– You’re in the midst of a season where Hartwick has a shot at NCAAs. How does all the drama impact the team’s play?

It’s a struggle. Three days before we were scheduled to play our first CWPA game the announcement came.

It’s a roller coaster. Sometimes it can be super motivating and you just want to prove everyone else wrong. Other times, when it’s getting hard and you just want to… I don’t know how to explain it. You just feel defeated. Like: Why am I doing this? The school doesn’t support us.

It’s quite hard but you’ve got to just focus on using that as motivation.

– Given that you’re a senior, how are you able to provide leadership and guidance for the younger players on the Hawks’ roster?

A lot of the sophomores are nursing majors, so—given the way that the Hartwick nursing program is structured, they don’t have the opportunity to easily transfer.

My advice to a lot of them is: Stay this next year, get your scholarship and try to graduate in May 2019 and then you’ve got the two years of eligibility—and try and use that to play in graduate school.

For the freshmen, my advice is: if this program doesn’t get reinstated, get out of here. The school obviously doesn’t care so why are you sticking around for them?!

It’s a feeling of betrayal.

– Are players’ scholarships are guaranteed for next year?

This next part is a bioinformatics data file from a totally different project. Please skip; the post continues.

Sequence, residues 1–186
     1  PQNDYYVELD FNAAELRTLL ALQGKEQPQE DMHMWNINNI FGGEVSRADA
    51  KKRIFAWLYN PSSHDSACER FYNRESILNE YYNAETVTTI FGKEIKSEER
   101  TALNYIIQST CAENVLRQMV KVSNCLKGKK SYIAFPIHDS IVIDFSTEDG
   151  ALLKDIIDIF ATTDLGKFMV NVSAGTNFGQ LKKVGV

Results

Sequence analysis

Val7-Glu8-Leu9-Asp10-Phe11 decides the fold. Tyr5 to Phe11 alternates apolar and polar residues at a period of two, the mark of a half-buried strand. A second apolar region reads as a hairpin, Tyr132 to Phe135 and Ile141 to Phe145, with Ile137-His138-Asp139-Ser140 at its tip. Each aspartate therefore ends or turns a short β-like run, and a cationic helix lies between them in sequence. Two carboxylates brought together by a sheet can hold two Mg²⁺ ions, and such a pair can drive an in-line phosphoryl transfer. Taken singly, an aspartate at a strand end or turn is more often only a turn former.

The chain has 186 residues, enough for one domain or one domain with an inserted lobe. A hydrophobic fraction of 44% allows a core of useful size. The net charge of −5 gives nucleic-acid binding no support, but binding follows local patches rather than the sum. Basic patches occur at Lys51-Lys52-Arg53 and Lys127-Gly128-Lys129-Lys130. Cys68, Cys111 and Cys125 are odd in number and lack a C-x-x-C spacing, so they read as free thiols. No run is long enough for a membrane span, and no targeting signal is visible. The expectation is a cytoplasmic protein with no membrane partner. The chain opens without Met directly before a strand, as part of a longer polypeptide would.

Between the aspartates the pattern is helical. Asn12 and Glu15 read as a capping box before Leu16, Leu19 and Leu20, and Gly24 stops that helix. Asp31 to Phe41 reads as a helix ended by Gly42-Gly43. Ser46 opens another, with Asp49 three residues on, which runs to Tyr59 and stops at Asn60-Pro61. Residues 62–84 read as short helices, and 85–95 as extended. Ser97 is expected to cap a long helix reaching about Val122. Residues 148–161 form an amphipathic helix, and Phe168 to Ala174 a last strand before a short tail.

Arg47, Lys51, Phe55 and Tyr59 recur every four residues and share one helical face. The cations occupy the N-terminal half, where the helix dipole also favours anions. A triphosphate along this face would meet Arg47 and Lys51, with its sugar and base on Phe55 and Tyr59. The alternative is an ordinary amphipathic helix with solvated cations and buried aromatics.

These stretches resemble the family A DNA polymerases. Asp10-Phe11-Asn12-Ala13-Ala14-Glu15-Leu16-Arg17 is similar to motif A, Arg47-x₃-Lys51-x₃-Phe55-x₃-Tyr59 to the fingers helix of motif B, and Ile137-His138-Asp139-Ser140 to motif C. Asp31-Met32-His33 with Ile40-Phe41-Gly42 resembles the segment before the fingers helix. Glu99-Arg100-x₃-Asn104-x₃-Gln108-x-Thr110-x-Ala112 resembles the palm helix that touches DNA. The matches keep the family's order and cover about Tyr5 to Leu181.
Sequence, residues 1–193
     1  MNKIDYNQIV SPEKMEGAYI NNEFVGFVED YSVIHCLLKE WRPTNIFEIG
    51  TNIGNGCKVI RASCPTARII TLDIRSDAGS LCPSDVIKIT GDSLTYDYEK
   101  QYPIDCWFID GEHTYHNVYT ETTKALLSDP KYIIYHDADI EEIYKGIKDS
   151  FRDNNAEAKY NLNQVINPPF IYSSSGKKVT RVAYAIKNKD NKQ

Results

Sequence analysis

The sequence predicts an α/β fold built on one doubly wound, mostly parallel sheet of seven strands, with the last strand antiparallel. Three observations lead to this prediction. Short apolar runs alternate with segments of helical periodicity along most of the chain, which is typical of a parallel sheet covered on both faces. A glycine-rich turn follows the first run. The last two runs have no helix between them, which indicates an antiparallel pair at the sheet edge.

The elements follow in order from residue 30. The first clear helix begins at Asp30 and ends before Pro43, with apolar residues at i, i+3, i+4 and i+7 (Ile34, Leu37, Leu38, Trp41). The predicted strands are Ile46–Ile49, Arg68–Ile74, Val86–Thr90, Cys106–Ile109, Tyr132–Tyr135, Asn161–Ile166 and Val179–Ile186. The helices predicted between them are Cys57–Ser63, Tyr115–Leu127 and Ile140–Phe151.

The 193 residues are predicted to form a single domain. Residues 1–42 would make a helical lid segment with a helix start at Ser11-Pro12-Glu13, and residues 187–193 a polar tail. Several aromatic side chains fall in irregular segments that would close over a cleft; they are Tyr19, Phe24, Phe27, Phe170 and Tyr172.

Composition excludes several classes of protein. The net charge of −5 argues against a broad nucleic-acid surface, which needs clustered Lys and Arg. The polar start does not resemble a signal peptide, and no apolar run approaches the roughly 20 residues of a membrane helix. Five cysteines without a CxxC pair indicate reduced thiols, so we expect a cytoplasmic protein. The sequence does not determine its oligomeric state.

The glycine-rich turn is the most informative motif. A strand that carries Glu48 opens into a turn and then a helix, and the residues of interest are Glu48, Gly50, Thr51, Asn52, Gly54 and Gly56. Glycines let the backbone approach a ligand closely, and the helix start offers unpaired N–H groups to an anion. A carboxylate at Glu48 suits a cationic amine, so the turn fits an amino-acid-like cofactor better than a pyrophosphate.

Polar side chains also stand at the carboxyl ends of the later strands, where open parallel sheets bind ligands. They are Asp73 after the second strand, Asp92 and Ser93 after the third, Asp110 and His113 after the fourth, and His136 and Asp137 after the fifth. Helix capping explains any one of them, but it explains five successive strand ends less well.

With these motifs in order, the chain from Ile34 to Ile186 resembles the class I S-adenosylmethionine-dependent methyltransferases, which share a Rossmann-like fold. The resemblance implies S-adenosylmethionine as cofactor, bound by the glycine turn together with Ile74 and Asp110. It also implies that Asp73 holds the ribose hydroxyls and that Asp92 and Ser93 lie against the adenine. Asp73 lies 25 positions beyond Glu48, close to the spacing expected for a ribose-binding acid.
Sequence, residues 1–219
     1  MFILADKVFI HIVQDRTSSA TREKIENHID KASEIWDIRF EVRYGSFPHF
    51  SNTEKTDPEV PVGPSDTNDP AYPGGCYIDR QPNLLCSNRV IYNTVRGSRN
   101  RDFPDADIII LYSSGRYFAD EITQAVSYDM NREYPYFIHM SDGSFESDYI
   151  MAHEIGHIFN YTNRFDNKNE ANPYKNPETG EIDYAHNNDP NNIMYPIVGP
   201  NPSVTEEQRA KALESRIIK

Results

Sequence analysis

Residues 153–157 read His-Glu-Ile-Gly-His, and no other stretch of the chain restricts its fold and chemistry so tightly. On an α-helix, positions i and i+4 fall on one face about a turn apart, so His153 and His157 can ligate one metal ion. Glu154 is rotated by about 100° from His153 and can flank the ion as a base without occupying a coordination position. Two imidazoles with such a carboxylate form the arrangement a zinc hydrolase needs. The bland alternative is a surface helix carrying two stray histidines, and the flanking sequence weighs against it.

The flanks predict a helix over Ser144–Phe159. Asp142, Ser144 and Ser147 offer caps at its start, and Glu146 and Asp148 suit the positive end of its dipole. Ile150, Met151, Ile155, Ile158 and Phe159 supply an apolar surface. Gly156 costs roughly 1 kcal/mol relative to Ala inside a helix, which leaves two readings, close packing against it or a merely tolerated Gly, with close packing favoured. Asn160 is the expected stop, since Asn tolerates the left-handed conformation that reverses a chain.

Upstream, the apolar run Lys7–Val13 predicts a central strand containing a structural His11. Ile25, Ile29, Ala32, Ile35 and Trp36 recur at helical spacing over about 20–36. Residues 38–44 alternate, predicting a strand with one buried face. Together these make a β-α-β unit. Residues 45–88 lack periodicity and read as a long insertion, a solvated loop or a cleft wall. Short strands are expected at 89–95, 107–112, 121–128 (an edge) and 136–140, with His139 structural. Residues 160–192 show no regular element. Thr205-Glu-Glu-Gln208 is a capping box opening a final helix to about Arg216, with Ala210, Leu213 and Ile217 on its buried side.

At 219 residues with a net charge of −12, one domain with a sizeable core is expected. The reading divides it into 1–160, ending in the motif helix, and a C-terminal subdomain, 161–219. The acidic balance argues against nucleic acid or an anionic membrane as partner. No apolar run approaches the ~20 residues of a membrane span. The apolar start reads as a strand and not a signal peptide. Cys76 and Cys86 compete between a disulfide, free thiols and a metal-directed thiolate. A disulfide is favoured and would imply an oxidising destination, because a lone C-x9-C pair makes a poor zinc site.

There was a letter sent out: they are guaranteed just for one year. it’s “extraordinary aid” is what they call it. From hearsay—I haven’t researched it—[Hartwick] is one of the only institutions that isn’t guaranteeing scholarships through to graduation.

When programs have been cut at other institutions—I know that Missouri State cut their field hockey team, and they guaranteed all the scholarships through to graduation. Which I personally think is what Hartwick should do for all of DI athletes. They signed a contract for four years and the same is true for those nursing majors who are going to get a scholarship for a year and then in a senior year they basically missed out.

– As you reflect on your time at Hartwick, what is it that comes to mind about your experience there?

It’s the international students and the family we created. It’s primary soccer and water polo; a lot of us are internationals. There are other internationals who are on campus as well, but the family that we created within our sports teams, from our coaches—the rest of the school is such a close community, as there are only 1,400 kids.

How much they enjoy having diversity and how much we’ve enjoyed being here.